Anomaly Defenders (PC) Review – A Tower Defense Game That Isn’t A Bore Fest

Tower defense games are often like the Diet Coke of strategy games – offering the flavour of the real deal, but lacking some amount of substance. But you know what? Lots of people like Diet Coke, myself included. 11 bit studios threw tower defense for a loop with the Anomaly series of tower attack games. Now, they’re throwing that loop for a loop by making a traditional tower defense game. Does it stand out from the crowd, or does it taste like drug store cola?

Where the first two Anomaly games had players controlling human attackers, Anomaly Defenders places players in control of alien, well, defenders. Although more traditional, 11 Bit have still managed to craft an enjoyable game experience. Each of the game’s 24 levels tasks players with defending an evacuation launchpad from attackers – a simple premise, but the game sprinkles around enough variety to keep things interesting.

There are 8 tower types to pick from, each of which has a specific purpose. Spamming powerful towers can be fatal in later levels and at higher difficulties. Instead, careful planning is rewarded with satisfying ambushes, so long as the best towers and locations are selected. Attackers travel exclusively down defined right-angle paths, but can sometimes be lured towards resource deposits, allowing for strategic ambushes. Placement of towers is crucial, and environmental obstacles can provide protection from long range attacks. Players are also well advised to have contingency plans in place in later levels – certain enemy units have a tendency to head straight for the launchpad, ignoring attempts to lure them into a trap.

Gameplay is far from “set it and forget it” though. Players must manage a suite of active tower skills such as shielding, repair, and self-destruct, each of which is truly useful. Again, players must utilize all of the available options to succeed in later missions. Things get hectic, and mercifully the action can be paused to assess the situation. This doesn’t necessarily make life easier, as tower powers require energy that must be manually collected from fallen foes. Balancing the supply and demand of energy genuinely requires quick thinking, and hesitation can result in a complete breakdown of your defenses.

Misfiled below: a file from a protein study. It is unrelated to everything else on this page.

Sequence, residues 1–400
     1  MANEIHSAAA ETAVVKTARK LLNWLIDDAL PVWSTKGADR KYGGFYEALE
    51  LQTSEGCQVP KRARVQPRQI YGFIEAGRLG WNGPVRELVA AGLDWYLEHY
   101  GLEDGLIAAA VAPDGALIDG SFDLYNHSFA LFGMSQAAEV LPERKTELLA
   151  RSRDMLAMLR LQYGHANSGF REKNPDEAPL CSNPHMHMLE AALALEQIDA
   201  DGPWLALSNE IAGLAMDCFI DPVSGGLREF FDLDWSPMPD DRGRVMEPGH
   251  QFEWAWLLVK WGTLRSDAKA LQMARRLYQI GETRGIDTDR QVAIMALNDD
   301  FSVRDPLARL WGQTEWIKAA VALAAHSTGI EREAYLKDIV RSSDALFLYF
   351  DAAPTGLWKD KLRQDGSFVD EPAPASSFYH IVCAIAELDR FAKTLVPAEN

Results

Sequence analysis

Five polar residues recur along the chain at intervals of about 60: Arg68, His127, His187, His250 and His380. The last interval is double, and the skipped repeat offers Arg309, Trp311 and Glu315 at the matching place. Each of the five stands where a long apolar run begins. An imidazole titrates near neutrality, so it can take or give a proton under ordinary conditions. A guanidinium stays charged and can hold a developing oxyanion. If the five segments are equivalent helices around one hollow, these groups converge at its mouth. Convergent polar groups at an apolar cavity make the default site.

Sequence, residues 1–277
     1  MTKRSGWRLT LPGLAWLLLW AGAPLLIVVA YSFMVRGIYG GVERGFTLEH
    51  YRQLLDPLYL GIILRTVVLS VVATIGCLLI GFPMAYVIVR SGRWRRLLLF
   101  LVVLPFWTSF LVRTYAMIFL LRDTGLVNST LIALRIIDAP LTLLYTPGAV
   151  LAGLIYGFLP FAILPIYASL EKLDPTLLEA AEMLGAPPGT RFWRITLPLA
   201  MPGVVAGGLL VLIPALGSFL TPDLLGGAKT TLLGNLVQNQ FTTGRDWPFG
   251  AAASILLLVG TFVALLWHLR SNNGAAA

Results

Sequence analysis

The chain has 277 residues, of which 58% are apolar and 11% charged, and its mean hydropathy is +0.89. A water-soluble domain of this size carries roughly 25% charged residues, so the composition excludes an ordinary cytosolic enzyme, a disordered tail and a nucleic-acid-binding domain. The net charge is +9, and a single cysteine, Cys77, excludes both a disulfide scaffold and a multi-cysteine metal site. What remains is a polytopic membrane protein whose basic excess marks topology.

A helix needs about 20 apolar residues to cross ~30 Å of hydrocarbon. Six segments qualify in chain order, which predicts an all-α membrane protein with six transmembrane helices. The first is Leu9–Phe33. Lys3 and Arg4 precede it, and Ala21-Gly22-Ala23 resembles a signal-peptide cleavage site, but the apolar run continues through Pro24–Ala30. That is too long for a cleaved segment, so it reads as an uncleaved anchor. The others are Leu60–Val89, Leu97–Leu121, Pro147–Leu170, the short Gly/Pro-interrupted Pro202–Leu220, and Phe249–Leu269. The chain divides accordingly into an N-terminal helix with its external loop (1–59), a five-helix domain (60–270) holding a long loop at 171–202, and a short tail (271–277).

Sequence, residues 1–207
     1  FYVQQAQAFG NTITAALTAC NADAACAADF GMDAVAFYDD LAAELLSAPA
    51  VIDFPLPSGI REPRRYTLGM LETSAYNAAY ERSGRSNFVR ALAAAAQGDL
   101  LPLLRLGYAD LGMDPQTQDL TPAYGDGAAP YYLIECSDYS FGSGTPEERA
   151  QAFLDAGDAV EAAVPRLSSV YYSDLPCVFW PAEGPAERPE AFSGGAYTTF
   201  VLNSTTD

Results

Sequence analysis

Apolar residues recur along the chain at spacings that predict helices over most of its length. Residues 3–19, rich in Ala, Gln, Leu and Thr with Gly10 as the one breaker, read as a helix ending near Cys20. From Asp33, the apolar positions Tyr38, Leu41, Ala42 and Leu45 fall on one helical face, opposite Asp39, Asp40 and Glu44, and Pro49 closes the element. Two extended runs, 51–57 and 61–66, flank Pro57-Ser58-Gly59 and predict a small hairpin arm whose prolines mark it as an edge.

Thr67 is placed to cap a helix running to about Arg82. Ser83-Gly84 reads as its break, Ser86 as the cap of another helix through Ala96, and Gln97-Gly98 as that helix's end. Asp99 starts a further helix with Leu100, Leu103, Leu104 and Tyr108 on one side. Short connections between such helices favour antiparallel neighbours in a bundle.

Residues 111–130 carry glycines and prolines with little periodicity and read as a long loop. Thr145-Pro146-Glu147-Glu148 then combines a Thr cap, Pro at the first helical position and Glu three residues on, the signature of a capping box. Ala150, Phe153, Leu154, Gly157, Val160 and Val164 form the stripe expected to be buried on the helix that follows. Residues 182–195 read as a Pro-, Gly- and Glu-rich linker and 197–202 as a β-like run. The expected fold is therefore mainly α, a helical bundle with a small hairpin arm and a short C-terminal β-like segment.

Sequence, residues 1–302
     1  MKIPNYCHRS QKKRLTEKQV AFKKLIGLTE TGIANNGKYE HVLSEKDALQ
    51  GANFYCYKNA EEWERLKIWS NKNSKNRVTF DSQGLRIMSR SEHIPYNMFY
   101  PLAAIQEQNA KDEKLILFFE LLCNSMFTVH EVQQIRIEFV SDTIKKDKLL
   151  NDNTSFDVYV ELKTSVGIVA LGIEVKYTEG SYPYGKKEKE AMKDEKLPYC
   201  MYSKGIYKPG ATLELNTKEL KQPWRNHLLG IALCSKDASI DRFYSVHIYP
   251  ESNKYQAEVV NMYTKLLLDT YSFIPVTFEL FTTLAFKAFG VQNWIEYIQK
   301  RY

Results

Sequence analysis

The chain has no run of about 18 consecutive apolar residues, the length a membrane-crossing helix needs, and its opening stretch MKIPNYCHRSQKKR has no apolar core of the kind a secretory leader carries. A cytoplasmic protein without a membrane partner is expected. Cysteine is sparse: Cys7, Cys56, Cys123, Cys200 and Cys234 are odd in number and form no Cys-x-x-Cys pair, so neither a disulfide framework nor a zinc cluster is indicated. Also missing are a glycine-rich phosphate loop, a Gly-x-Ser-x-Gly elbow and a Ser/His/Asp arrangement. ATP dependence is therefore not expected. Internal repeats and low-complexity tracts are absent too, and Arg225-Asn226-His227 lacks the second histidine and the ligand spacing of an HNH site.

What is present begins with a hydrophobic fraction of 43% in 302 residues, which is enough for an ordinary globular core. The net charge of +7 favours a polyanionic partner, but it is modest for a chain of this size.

Too often, skill advancement is stiff and unforgiving in games. Thankfully, Anomaly Defenders allows players to redistribute tech points at will. This decision encourages experimentation, and allows players to easily experience all the options at hand. This is especially handy when your tactics fail against a certain group of enemies – instead of being painted into a corner, players can completely respec and try a new approach.

Anomaly Defenders looks and sounds great. There are lots of particles and pretty effects, and the music is sufficiently spacey and atmospheric. It’s not the most technically demanding game around, but there’s certainly nothing to cringe about. All around solid on the technical fronts.

Although more traditional than previous games in the series, Anomaly Defenders provides a flexible and entertaining strategy-light experience. It looks great, provides multiple options for players and play styles, and is challenging enough to require forethought and adaptation. Though previous Anomaly fans might be disappointed in the traditional approach, it’s well worth a try for tower defense fans.


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